Necessary board evaluation and development process are in
Its meeting are conducted in an effective and efficient
Its legally mandated fiduciary obligations (duties of care,
loyalty, and obedience) are met.
Boards cannot do a good job fulfilling the other four responsibilities if they do not fulfill this one well.
What are the roles of the boards?
- Policy formulation
- Decision making
Boards formulate policy with respect to each of their five responsibilities. Such policies provide organizations with direction and are the means by which authority and tasks are delegated to management and the medical staff. Policies also provide framework for executing the decision-making role.
The formulation of policy is the primary mechanism through which boards influence their organizations. As such, they provide the most tangible evidence that boards are fulfilling their responsibilities.
Policies are statement of intent that guide and constraint further decision making and action and limit subsequent choices.
There are three different levels of policy – statements of board responsibility, board policy, and operating policy.
Statements of board responsibility describe the nature and scope of board obligations for formulating organizational ends, ensuring high levels of executive management performance, ensuring quality of patient care, ensuring financial health, and ensuring the board’s own effective and efficient performance. One such statement should be formulated for each board responsibility.
|Responsibilities||Statements of board responsibilities|
|Ends||The board will be responsible for envisioning and formulating organizational ends. In consultation with stakeholders, it will formulate vision, mission, goals, and strategies and will make a review at least once every 5 years.|
|Executive management performance||The board will be responsible for ensuring high levels of executive management performance through a Chief Operating Officer. It will be responsible for recruiting and selecting the CEO; specifying CEO performance expectations; and appraising CEO’s performance.|
|Quality of care||The board will be responsible for ensuring quality of patient care. It will formulate quality policies to fulfill this commitment.|
|Financial performance||The board will be responsible for ensuring the organization’s financial health. It will formulate policies to achieve this objective.|
|Self||The board will be responsible for its own performance in terms of effective and efficient achievement of organizational ends. There will be a management self-audit every year.|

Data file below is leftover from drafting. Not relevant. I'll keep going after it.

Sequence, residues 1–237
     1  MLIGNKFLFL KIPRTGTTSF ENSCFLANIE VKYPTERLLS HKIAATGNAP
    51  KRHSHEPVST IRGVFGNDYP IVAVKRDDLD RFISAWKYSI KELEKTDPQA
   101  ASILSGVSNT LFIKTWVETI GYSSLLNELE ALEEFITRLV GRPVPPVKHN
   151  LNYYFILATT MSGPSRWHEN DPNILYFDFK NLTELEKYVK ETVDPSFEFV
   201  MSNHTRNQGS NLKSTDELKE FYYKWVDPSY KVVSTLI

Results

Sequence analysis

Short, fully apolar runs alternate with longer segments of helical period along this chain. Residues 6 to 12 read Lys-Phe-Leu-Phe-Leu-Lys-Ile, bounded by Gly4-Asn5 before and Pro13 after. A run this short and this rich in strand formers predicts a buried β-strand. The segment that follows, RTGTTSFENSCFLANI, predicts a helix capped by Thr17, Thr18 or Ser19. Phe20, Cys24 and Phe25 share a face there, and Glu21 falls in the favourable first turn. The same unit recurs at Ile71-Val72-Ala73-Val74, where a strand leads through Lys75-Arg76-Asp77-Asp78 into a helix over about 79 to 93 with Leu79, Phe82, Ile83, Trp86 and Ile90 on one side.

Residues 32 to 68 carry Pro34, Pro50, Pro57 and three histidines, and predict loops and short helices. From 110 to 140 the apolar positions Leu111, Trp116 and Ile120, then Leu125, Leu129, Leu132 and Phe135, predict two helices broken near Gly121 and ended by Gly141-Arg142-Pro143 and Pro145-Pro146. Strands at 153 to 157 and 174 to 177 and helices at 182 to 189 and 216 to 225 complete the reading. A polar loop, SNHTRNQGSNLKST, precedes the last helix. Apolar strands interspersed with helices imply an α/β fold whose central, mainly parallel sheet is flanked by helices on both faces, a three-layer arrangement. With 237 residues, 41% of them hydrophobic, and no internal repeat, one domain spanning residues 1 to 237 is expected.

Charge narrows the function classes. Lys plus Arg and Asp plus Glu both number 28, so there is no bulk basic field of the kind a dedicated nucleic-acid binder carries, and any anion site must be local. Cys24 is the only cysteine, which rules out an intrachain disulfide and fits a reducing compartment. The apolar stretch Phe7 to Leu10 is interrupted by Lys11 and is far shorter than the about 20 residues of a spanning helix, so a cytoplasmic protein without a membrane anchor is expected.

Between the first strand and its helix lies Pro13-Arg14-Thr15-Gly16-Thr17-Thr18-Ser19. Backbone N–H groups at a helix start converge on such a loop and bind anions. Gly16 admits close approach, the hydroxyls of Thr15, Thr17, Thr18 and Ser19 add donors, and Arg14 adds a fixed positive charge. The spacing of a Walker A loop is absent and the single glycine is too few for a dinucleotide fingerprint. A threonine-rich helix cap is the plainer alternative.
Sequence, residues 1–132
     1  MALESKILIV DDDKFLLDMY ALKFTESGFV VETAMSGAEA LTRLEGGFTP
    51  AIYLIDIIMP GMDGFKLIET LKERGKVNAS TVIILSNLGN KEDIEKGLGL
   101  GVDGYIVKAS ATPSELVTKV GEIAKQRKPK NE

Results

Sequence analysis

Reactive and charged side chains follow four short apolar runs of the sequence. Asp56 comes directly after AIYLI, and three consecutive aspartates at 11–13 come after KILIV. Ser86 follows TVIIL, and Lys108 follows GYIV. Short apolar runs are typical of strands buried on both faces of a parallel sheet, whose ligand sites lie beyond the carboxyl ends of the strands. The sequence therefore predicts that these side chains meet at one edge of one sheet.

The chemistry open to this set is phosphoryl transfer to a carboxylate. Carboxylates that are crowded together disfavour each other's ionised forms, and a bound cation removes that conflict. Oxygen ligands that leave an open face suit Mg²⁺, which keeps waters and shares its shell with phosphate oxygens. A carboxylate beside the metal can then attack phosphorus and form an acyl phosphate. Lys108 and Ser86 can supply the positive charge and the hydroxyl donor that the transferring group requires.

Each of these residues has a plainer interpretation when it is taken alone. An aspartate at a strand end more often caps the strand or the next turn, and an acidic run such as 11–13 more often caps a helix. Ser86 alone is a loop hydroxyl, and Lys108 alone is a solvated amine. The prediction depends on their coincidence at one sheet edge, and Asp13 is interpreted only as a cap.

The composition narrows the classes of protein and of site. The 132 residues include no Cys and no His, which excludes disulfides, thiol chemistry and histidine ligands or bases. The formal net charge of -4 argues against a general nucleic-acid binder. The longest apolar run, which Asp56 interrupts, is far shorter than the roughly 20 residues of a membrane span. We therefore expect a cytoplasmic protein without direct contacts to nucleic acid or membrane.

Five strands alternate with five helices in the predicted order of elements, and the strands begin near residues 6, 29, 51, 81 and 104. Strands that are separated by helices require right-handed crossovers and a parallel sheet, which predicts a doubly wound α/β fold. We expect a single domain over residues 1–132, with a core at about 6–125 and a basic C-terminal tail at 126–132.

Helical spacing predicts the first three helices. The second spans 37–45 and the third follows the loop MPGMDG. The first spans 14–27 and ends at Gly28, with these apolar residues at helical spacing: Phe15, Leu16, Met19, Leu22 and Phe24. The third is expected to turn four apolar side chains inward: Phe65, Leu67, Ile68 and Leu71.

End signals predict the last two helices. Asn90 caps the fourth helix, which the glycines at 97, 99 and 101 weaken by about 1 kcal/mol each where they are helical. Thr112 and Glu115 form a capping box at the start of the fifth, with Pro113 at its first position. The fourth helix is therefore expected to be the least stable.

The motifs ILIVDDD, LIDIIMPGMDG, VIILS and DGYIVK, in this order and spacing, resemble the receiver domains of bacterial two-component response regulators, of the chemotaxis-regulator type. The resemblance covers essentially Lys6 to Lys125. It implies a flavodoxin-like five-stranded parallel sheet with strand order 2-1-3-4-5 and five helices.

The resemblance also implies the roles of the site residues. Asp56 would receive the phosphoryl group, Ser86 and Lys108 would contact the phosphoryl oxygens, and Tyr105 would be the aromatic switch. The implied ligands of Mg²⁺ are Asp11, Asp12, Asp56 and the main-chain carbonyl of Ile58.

Board policies flow directly from statements of responsibility. They provide direction and convey board expectations of management and medical staff as they go about accomplishing the organization’s work.
Operating policies are more detailed policies for the management and medical staff to observe and to follow.
Dividing line between board and operating policies determined by the board. Few broad policies, more delegation to the management and medical staff. More detailed, more restrictive and prohibitive.
Decisions must be made by boards in each of their areas of responsibility and regarding recommendations forwarded to them by management and the medical staff.
Decision making is often considered to be the central and most important role of governance, since much of what boards do eventually comes down to making choices.
Policies provides the contex for, and guides, decision-making.
Board may retain, delegate or share authority for decision making.
Boards then engage in oversight by monitoring decisions and actions to ensure they conform with policy and produce intended results.
3 functions of oversight:
Monitoring, assessment, and feedback
Need for governance information system:
Selective and of high leverage
Clear, concise and user-friendly
Valid, accurate, and timely
A paradigm of board work
|Ultimate responsibilities||Core Roles|
|Policy formulation||Decision making||Oversight|
Really Governing: How Health System and Hospital Boards Can Make More of a Difference. Dennis D. Pointer and Charles M. Ewell. Delmar Publishers, Inc. Albany, NY, 1994
The specifics of how to establish and how to develop a tertiary hospital / medical center will be presented in subsequent documents, chapters, and pages.